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Let's define a 2-quine as a program that prints its source code two times. For example, if the program ABC printed ABCABC, it would be a 2-quine.

Let's define a 3-quine as a program that prints its source code three times. For example, if the program ABC printed ABCABCABC, it would be a 3-quine.

Let's define a n-quine as a program that prints its source code n times.

Your task is to write a 2-quine, that prints a 3-quine, that prints a 4-quine, that prints a 5-quine, etc...

For example, here is an example of a valid submission (which is fictional of course):

AB

which prints

ABAB

which prints

ABABABABABAB

which prints

ABABABABABABABABABABABABABABABABABABABABABABABAB

etc.

Remember, this is , so the program with the fewest bytes wins.

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  • 1
    \$\begingroup\$ Related. Also related. \$\endgroup\$ – Dennis Nov 11 '16 at 7:23
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    \$\begingroup\$ You should explicitly forbid programming languages where a 0-byte program is a quine. Otherwise I would say: "QBasic - 0 bytes!" \$\endgroup\$ – Martin Rosenau Nov 11 '16 at 8:32
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    \$\begingroup\$ @MartinRosenau Those are forbidden by default. \$\endgroup\$ – Martin Ender Nov 11 '16 at 8:56
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    \$\begingroup\$ I challenge someone to do this in a purely functional language, because I can't figure it out... \$\endgroup\$ – Keelan Nov 11 '16 at 11:05
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    \$\begingroup\$ @CamilStaps Just did it in Underload, but that's a bit of a cheat. \$\endgroup\$ – Esolanging Fruit Jan 31 '17 at 4:21
3
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QBasic (224 bytes incl. trailing CR+LF)

(Tested with QBasic/MS-DOS on a virtual machine as well as with FreeBASIC with "-lang qb" setting)

a$="a$=:l=l+1:if l>y then f=f+1:y=y*f+y+f:while x<=y:x=x+1:print mid$(a$,1,3)+chr$(34)+a$+chr$(34)+mid$(a$,4):wend":l=l+1:if l>y then f=f+1:y=y*f+y+f:while x<=y:x=x+1:print mid$(a$,1,3)+chr$(34)+a$+chr$(34)+mid$(a$,4):wend
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  • \$\begingroup\$ Nice to see QBasic as the first answer to a question! Check out my QBasic quine for some ideas that might be able to shorten this a good bit. Also, I don't think you need to count the trailing CR+LF. \$\endgroup\$ – DLosc Nov 12 '16 at 7:04
  • \$\begingroup\$ @DLosc The 2-quine generated must contain CR+LF between the lines. For this reason the CR+LF is definitely a part of the program and I have to count it. \$\endgroup\$ – Martin Rosenau Nov 12 '16 at 9:47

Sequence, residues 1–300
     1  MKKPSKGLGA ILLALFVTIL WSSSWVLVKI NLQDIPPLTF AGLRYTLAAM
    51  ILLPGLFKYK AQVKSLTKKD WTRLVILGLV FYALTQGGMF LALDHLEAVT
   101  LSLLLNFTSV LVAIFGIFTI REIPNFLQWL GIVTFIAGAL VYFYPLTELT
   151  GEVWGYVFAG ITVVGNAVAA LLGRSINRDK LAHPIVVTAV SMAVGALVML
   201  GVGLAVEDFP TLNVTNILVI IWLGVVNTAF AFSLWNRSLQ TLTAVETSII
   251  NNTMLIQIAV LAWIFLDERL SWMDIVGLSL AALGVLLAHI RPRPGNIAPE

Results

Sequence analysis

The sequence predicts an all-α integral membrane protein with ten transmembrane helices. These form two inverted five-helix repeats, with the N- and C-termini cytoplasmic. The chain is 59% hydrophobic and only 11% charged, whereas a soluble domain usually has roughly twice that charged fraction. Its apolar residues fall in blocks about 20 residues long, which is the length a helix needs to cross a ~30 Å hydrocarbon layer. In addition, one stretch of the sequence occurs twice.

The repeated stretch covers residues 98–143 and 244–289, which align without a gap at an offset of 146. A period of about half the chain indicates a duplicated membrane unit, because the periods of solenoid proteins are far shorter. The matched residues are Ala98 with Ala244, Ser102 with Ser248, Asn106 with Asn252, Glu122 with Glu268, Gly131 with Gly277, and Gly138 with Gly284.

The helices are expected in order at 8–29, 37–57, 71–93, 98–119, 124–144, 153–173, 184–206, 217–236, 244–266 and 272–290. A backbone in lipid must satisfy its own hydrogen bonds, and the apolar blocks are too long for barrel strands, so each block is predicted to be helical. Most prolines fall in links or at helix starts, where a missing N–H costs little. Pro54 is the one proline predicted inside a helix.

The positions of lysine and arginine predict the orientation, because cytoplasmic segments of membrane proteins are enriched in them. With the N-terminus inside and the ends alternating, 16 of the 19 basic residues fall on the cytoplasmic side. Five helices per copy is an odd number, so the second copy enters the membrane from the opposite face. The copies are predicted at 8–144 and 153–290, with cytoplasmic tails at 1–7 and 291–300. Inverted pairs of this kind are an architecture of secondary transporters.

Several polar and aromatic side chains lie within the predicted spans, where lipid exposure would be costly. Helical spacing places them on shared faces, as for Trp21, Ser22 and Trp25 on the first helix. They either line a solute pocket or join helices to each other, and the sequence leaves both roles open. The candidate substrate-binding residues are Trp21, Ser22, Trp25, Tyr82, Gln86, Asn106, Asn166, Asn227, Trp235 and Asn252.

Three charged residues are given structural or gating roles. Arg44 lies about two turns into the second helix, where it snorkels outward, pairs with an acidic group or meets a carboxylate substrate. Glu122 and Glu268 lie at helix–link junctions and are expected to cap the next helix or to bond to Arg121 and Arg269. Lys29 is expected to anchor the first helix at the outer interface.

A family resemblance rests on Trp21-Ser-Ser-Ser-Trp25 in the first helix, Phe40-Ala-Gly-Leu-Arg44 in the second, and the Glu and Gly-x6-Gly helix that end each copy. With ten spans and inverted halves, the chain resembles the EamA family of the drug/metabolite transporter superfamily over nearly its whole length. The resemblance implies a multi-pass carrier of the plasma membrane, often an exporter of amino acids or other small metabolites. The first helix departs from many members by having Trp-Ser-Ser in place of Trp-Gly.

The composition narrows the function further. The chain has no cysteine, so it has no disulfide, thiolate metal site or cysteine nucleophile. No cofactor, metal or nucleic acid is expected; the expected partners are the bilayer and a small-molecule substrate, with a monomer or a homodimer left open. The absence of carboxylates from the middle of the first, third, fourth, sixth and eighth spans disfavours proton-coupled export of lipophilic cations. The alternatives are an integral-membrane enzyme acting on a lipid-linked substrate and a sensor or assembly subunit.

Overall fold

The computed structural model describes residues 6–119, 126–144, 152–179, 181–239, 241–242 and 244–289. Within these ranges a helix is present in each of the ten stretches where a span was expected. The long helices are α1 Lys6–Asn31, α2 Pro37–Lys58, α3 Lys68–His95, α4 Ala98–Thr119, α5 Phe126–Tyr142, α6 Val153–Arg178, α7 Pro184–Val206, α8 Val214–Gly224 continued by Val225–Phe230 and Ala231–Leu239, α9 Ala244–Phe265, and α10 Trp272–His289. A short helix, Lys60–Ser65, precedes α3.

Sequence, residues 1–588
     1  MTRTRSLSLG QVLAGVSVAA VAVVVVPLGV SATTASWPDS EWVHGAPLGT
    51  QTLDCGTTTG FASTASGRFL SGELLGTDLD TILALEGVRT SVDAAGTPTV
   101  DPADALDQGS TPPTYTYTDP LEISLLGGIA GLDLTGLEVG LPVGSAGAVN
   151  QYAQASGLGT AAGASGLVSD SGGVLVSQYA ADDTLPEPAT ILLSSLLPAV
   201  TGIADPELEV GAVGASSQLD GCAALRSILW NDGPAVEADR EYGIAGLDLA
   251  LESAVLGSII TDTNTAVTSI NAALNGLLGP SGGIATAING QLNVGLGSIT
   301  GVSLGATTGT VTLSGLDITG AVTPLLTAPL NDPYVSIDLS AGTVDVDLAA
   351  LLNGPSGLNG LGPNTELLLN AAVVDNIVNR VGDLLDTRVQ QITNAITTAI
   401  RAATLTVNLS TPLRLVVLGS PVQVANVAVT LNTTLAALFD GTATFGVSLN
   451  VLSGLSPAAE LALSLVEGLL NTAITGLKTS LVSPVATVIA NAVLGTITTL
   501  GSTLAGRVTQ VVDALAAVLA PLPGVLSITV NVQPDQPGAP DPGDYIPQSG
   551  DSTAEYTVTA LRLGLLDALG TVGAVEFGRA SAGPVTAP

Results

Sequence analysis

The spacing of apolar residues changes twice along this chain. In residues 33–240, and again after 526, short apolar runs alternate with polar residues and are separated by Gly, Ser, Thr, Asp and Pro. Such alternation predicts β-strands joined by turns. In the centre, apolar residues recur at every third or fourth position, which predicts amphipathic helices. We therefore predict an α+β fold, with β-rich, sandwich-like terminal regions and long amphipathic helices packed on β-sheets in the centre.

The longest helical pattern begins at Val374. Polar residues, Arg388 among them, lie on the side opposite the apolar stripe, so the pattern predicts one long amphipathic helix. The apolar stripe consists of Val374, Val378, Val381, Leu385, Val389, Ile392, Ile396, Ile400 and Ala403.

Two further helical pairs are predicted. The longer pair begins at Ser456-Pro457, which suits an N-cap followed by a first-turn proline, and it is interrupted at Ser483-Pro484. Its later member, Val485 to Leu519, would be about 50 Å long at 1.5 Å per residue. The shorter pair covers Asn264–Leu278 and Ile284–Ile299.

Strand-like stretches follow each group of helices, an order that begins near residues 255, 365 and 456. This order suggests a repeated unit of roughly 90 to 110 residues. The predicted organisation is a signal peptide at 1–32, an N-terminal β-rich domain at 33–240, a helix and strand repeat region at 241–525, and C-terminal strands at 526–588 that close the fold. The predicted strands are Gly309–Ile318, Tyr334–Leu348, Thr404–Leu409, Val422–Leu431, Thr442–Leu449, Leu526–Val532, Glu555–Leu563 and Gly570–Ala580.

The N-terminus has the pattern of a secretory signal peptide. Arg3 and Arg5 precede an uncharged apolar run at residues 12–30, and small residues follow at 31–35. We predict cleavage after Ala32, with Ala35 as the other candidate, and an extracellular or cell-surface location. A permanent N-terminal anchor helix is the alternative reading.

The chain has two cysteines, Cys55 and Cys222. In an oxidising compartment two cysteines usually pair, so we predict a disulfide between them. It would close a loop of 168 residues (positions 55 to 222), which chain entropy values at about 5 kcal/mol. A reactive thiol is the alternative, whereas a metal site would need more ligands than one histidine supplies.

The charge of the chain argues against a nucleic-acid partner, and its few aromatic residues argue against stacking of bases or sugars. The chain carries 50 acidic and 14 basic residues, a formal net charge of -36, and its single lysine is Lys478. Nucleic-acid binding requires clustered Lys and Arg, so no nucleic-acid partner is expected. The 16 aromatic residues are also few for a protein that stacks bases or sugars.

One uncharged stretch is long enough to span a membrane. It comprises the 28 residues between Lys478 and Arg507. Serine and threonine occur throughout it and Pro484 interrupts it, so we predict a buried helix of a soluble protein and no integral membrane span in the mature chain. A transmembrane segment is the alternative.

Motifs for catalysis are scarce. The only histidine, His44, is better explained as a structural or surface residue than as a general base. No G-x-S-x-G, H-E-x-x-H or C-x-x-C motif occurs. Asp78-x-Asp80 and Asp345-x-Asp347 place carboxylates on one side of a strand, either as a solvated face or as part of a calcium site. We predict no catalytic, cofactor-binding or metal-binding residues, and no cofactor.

• \$\begingroup\$ Ah, that makes sense. \$\endgroup\$ – DLosc Nov 12 '16 at 9:49
  • \$\begingroup\$ Why CR+LF and not LF? \$\endgroup\$ – Pavel Jan 31 '17 at 5:28
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Javascript ES6 (REPL), 52 bytes

var a=a||'';$=_=>a+=`$=${$};$();`.repeat(a?1:2);$();

Initial working implementation, may be golfable.

y.onclick=_=>z.innerText=eval("var a=a||'';$=_=>a+=`$=${$};$();`.repeat(a?1:2);$();".repeat(x.value))
<input id=x><button id=y>Submit!</button><pre id=z></pre>

Explanation

Based on my usual quine implementation ($=_=>`$=${$};$()`;$()).

var a||'' coerces a to an empty string if it isn't defined; otherwise, a is left as is. a will store our final result.

Each function call, a will be checked to see if it is empty/falsy. The first function call will append 2 copies of the quine because a is empty; subsequent calls will only append 1 copy because a is no longer empty.

The last function call will output the final value of a after finishing.

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Ruby, 154 bytes

s=DATA.read.lines;s+=s[0,2];n=s.size/4;k=1;n/=k+=1while n>0;puts s*k
__END__
s=DATA.read.lines;s+=s[0,2];n=s.size/4;k=1;n/=k+=1while n>0;puts s*k
__END__

The trailing newline matters.

This program first duplicates itself; the output triplicates itself; that output quadruplicates itself, etc.

Thus the n-th program is a repetition of these 4 lines, n! times.

s=DATA.read.lines;s+=s[0,2]; gets us the current source code as an array of lines. We take its length, divide it by 4, compute the inverse factorial, add one, then print s that many times.

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